of perfectionism and other causes of creative paralysis


My husband says that I have become more creative since we married. I don’t think so, I say. All that’s actually happened is that I’ve stopped waiting for the perfect pitch before I swing at the ball. This has resulted in a lot more swinging. And some very creative strikeouts.

Many of my creative urges are literary. But when I read the offerings of people that can really write, the comparison game begins and I feel suddenly as though I’m shrinking into myself on the surface of my desk. My frame minimizes like a leaky balloon until I’m tiny. Too tiny to pick up a pencil, even with both arms. Way too tiny to push the laptop keys. Maybe if I was bigger I could do it . . .

What is it that prevents a creative thought from becoming a creative act? Okay, sometimes it’s the laundry. But I think often it’s the wet blanket of Perfectionism. If it’s not going to be truly excellent in every way we’d better not risk it. Because nobody denies that what we create is an expression of the self and an imperfect result would be exposing the imperfect self. We would so much prefer the big impressive effects as in The Wizard of Oz, hoping all will pay no attention to the man behind the curtain. If the product will not impress others adequately then we mustn’t make a creative effort. Better no painter at all than a bad one, we say. Go big or go home and by all means if you attempt it, you had better pull it off.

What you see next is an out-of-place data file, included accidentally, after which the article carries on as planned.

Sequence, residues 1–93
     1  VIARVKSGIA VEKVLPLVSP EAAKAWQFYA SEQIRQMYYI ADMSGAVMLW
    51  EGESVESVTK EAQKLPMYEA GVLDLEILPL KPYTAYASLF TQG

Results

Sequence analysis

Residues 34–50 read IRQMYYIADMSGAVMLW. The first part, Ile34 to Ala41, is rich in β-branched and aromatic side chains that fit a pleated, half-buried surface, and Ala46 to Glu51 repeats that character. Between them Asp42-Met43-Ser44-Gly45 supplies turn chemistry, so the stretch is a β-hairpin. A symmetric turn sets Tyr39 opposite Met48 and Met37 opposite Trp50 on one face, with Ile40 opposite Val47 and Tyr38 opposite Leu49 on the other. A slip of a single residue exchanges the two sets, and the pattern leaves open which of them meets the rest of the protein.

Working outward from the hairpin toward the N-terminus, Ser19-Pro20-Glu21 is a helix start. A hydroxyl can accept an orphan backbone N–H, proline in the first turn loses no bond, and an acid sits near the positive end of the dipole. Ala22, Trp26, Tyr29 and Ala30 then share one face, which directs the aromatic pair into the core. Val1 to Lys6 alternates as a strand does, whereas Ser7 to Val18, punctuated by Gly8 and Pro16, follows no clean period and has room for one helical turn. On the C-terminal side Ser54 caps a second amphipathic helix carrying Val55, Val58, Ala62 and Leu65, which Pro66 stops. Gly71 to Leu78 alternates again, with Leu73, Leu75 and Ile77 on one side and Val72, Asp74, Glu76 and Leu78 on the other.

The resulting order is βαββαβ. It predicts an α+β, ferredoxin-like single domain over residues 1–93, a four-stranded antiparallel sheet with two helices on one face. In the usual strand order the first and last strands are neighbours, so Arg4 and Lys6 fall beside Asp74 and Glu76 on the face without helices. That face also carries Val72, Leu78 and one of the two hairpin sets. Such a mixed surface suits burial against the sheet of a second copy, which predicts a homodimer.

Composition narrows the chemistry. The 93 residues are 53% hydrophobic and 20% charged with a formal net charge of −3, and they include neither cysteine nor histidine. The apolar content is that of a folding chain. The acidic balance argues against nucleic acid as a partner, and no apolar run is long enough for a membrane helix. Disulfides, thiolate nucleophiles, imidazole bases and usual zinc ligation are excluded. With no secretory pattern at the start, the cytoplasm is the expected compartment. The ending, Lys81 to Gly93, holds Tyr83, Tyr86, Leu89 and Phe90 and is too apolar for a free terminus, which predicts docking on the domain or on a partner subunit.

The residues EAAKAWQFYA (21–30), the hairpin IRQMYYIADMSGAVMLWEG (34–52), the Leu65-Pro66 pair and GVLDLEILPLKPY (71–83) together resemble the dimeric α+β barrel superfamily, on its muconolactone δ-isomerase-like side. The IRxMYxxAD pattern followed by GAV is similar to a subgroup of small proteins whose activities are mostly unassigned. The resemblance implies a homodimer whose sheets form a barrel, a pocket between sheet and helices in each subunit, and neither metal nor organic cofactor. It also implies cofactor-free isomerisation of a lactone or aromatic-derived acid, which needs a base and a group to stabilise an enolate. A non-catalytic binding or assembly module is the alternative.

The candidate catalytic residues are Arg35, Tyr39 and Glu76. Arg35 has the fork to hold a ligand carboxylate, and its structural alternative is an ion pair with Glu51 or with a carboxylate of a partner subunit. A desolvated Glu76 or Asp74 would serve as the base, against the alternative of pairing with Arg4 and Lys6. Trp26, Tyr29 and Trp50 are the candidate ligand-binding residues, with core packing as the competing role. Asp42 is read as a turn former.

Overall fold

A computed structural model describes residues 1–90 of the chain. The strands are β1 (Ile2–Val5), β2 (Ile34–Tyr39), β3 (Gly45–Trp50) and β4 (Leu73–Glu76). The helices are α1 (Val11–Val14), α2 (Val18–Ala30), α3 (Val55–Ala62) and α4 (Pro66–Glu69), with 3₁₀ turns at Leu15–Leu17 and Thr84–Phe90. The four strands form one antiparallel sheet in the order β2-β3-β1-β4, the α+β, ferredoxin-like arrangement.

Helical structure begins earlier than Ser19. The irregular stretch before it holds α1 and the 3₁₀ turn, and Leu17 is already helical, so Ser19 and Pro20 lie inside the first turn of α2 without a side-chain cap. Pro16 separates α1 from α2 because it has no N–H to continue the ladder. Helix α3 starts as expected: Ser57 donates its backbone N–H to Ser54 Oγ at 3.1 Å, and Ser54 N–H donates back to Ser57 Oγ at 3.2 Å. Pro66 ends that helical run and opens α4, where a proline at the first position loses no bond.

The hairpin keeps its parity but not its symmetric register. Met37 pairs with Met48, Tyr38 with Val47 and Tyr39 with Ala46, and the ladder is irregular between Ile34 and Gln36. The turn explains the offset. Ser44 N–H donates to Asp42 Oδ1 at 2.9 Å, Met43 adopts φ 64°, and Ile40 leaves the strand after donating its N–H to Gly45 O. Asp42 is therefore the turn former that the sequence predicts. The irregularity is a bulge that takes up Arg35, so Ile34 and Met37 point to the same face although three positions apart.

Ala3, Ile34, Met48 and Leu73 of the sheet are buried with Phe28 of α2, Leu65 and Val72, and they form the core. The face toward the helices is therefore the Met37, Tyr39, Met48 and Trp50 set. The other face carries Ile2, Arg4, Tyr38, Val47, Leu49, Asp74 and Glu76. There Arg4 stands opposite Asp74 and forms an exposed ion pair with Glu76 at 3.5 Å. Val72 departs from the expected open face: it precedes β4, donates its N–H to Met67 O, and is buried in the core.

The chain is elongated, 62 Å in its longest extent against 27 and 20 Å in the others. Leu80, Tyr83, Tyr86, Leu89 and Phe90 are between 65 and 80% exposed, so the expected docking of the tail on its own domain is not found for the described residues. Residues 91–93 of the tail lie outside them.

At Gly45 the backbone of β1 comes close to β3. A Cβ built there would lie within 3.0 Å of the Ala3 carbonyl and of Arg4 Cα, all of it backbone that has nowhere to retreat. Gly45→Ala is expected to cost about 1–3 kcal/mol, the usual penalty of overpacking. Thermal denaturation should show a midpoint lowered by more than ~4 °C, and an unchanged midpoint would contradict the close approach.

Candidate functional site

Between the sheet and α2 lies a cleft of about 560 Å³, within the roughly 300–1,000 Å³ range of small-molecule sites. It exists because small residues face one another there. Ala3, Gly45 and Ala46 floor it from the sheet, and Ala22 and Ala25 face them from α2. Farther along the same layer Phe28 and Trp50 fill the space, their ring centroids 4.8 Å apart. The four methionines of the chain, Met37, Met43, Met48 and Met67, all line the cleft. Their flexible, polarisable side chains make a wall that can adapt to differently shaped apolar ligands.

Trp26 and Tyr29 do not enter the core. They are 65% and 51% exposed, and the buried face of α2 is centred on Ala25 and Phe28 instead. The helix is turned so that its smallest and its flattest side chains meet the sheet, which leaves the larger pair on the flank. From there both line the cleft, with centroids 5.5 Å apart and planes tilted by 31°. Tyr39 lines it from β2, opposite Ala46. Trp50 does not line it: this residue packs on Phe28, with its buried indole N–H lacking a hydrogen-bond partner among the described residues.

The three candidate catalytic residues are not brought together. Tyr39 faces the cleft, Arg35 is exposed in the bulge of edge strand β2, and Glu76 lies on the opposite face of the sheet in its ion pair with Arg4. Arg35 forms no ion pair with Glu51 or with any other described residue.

But is that really why we do something? Do we decorate and embellish and construct and write and sing and bake and plant and dance because we attempt–and expect to achieve–some ideal?

Effort is good: we should strive for excellence.

But there is a difference between diligence and perfectionism.

Some of the more uniquely talented people that I know struggle with this. Their problem is not the itchy trigger finger. It’s letting go at all. It can always be that little bit better . . . The word “finished” is so final, it means no more revisions.

Perhaps creativity (at least the human version) requires humility. How? In not having to have the results of my efforts reflect glory back on me.

I suppose the heart of the matter is why we’re doing it.

This entry was posted in Keep Calm and Carry On, Make Do and Mend. Bookmark the permalink.

3 Responses to of perfectionism and other causes of creative paralysis

  1. Very true. Thanks for sharing, Betsy.

  2. Pingback: when life gives you oranges | part of the main

  3. Pingback: of the honest art of children | part of the main

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